Lawmakers tackle state budget
From staff and wire reports
Jan. 9, 2002
JACKSON Legislators go to work today filling holes in the state's current budget a necessary task before they can start work crafting next year's budget.
A House subcommittee is expected to meet today to discuss a Medicaid shortfall of at least $124.6 million for fiscal 2002, which runs through June 30.
House Appropriations Chairman Charlie Capps, D-Cleveland, said the deficit might be larger for the agency that covers health care costs for the needy, aged, blind and disabled.
It's just mind boggling,'' Capps said.
The Department of Corrections is seeking $15.1 million to cover a shortfall, but Capps said that won't be a priority.
Medicaid and Corrections are among several state agencies finding it tough to make ends meet. The chief problem: Slumping revenues have created some of the worst financial problems in nearly 10 years.
Speaker Tim Ford and Lt. Gov. Amy Tuck gaveled the House and Senate to order at noon on Tuesday, kicking off a three-month 2002 session with policy options limited by the state's weak finances.
Gov. Ronnie Musgrove has promised to outline his budget ideas in his State of the State address this month. Ford said the governor probably will give the speech in the next two weeks.
Besides fixing this year's budget, lawmakers also will face another daunting financial task: funding a $500 million settlement to a 17-year-old college desegregation lawsuit.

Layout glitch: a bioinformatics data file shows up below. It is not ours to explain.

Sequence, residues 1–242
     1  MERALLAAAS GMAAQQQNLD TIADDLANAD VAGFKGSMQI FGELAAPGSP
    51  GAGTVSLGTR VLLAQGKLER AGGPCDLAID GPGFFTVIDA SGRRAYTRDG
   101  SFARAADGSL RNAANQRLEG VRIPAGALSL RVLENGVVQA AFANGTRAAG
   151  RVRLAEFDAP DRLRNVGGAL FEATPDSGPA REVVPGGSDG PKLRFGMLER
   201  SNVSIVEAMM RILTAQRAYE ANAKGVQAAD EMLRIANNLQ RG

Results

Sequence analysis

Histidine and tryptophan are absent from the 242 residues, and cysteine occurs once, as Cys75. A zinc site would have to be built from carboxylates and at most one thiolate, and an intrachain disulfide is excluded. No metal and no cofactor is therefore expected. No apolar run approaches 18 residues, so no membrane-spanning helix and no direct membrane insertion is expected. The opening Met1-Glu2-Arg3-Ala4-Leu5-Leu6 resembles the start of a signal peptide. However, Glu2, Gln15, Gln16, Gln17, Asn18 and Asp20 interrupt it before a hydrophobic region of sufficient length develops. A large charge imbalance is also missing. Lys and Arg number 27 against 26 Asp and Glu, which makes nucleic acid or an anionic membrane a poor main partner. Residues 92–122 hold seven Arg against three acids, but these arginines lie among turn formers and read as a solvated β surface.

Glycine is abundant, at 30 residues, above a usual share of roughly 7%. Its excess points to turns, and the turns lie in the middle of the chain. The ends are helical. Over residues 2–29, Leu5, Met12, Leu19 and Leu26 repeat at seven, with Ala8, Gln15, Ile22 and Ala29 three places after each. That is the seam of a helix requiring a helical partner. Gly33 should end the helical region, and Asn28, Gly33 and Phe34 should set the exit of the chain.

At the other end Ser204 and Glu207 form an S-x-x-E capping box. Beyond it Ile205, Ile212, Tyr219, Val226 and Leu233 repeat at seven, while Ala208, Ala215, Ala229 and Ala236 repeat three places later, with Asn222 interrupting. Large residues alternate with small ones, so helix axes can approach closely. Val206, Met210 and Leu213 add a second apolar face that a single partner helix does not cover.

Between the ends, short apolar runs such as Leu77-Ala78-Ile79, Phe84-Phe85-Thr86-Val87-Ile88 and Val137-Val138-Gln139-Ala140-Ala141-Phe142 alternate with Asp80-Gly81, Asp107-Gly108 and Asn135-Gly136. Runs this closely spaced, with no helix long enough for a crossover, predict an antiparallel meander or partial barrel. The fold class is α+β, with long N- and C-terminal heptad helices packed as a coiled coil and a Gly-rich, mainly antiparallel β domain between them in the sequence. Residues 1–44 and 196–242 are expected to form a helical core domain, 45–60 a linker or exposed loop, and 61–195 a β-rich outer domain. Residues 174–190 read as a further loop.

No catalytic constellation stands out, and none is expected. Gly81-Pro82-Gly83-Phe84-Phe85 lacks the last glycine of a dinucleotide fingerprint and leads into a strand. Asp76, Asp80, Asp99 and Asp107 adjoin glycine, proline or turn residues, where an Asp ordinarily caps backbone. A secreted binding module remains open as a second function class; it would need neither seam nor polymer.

U.S. District Judge Neal Biggers Jr. has said he'll approve the settlement only if legislators say they support it.
The settlement would let Mississippi spend the $500 million over 17 years in cash, bonds and endowments to help its three historically black universities. Plaintiffs say the schools have suffered from decades of neglect.
State Rep. Charles Young, D-Meridian, and chairman of the House Universities and Colleges Committee, said he expects smooth sailing for a resolution supporting the lawsuit settlement.
We need to go on and be about the business of educating our people,'' Young said.
Nursing home employees from around the state are seeking support for legislation to tighten rules on lawsuits and jury awards.
We are being hit by a landslide of lawsuits by out-of-state trial lawyers who are capitalizing on loopholes in existing law to manufacture claims,'' said Lissa Collins, administrator of Yazoo City Health and Rehabilitation Center.
David Baria of Jackson, president-elect of the Mississippi Trial Lawyers Association, said he didn't know what Collins meant by loopholes.'' He said attorneys who sue nursing homes don't manufacture cases, and they must verify the medical claims they make.
The tort reformers often use slogans and they don't really have any basis for what they're saying,'' Baria said.
The House and Senate met only briefly on opening day, but many members lingered in the Capitol to catch up with friends they hadn't seen for weeks. Lawmakers met in special session in early November.
The West Jones High School choir, more than 100 strong, serenaded Capitol visitors with patriotic numbers. The teen-agers also helped open the House session with The Star Spangled Banner.''
Rep. May Whittington, D-Schlater, reminded House members that legislators are building a Habitat for Humanity House this week and next in Jackson. She said she'd be helping install a floor, and she implored her colleagues to show up and help.
I've never put a floor in before,'' Whittington said. But what the heck I need to learn sometime.''